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Dublin: 15 °C Thursday 13 August, 2020
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Mother tells inquest that son who overdosed 'should never have been let out of hospital'

Glen Murphy McNally died days after discharging himself. An open verdict was returned at the inquest.

A 20-YEAR-OLD man whose body was recovered from the Royal Canal discharged himself from hospital two days after taking an overdose.

Glen Murphy McNally, from Fairlawn Park, Finglas, Dublin 11 had a history of self harm and had attempted suicide the previous week by jumping in front of a car.

Relatives at an inquest into his death claimed ‘he should never had been let out of hospital.’

Dublin Coroner’s Court heard how Glen was ‘very badly affected’ by the death of his father and his uncle, both of whom were shot dead.

On 10 April 2014, he took a concoction of prescription drugs, self harmed and tried to hang himself.

He was brought to the Mater Hospital by ambulance. His cousin Conor said he had been smoking heroin in the days leading up to the overdose.

Glen was admitted to the intensive care unit at the Mater Hospital. During a psychiatric evaluation on the morning of 12 April, Dr Adam Emechebe said Glen denied trying to take his own life.

He denied any ongoing thoughts of suicide or self harm. He denied any active thoughts of suicide. He expressed remorse over the overdose. He said it was because he felt he needed something…to ‘get a buzz’.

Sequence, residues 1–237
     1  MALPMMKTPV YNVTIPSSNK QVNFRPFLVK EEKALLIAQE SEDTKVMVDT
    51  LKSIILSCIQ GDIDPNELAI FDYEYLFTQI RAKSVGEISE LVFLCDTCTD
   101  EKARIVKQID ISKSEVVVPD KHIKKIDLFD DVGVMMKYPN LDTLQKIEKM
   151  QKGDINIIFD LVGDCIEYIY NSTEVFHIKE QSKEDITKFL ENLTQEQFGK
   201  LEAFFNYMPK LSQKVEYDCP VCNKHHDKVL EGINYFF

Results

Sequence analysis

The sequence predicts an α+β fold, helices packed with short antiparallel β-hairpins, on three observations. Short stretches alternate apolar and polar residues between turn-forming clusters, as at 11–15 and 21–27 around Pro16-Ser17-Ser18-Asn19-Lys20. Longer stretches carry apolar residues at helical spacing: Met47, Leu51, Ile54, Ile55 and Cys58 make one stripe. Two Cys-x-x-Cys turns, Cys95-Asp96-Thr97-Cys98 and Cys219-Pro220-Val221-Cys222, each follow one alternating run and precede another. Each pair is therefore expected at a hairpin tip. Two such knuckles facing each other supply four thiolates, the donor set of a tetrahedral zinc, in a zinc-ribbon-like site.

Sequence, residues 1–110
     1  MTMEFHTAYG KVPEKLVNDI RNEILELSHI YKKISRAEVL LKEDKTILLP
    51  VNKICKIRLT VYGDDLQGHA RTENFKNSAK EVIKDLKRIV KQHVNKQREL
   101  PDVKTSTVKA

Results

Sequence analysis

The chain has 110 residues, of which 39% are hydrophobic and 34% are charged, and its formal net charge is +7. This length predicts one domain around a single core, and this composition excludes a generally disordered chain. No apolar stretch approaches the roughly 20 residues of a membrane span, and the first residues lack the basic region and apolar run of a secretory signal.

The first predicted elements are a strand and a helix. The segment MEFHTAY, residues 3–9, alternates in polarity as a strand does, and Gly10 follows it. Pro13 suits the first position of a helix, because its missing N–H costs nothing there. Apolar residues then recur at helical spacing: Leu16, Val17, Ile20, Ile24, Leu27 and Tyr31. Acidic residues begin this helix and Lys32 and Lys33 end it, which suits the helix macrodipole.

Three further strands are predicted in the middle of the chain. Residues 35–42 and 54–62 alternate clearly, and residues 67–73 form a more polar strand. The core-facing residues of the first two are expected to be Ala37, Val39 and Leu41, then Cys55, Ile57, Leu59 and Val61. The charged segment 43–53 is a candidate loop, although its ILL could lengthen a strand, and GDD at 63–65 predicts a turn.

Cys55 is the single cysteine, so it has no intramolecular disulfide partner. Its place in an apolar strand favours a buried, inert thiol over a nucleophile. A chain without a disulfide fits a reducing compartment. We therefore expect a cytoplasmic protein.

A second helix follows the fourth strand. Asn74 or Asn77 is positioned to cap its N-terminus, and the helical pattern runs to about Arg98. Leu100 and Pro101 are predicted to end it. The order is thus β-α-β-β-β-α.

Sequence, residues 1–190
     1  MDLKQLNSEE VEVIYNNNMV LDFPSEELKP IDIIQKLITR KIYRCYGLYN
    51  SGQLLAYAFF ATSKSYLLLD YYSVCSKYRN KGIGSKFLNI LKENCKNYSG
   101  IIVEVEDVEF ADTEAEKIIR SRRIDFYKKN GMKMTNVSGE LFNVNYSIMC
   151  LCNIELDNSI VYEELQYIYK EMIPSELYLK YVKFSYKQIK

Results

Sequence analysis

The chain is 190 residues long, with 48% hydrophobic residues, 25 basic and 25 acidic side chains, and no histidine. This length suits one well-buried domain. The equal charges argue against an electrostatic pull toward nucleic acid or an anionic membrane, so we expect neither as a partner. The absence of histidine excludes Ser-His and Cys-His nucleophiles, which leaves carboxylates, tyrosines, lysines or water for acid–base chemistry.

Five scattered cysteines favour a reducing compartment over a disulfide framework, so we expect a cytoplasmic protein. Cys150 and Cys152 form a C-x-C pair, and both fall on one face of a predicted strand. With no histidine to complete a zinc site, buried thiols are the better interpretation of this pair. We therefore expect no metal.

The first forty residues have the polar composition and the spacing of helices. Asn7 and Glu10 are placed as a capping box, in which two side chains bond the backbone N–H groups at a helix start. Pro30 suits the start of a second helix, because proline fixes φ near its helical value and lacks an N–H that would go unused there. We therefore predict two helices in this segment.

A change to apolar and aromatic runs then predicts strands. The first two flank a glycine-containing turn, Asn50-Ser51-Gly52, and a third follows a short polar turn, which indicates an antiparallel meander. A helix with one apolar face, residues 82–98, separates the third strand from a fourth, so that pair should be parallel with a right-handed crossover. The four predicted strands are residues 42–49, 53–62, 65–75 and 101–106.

Dr Emechebe felt Glen was fit to be transferred from ICU to the medical ward.

Glen’s mother, Jennifer Murphy, said she wanted her son detained under the Mental Health Act for his own safety.

“From my assessment and what he was saying, he did not present as clinically depressed at that time,” Dr Emechebe said.

Consultant Psychiatrist John Sheehan said medics were treating up to 800 overdoses a year. He outlined strict criteria to detain a person against their will including the presence of a mental illness and an immediate risk to self or others. A person cannot be detained if their primary problem is drug or alcohol addiction, he said.

“The person has to seek help. If they are using drugs at the same time it’s impossible to engage,” Dr Sheehan said.

“I think he just told the psychiatrists what they wanted to hear so he could get out and self harm again,” Jennifer Murphy said.

Toxicology results showed evidence of morphine, cocaine and an anti-depressant in Glen’s system. The cause of death was consistent with drowning and Coroner Dr Brian Farrell returned an open verdict.

Helplines:

  • Samaritans 116 123 or email jo@samaritans.org 
  • Console  1800 247 247 – (suicide prevention, self-harm, bereavement)
  • Aware 1890 303 302 (depression, anxiety)
  • Pieta House 01 601 0000 or email mary@pieta.ie - (suicide, self-harm)
  • Teen-Line Ireland 1800 833 634 (for ages 13 to 19)
  • Childline 1800 66 66 66 (for under 18s)

Originally published 7.30pm

Column: ‘He was given a clean bill of health, walked out of the hospital and took his own life’

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About the author:

Louise Roseingrave

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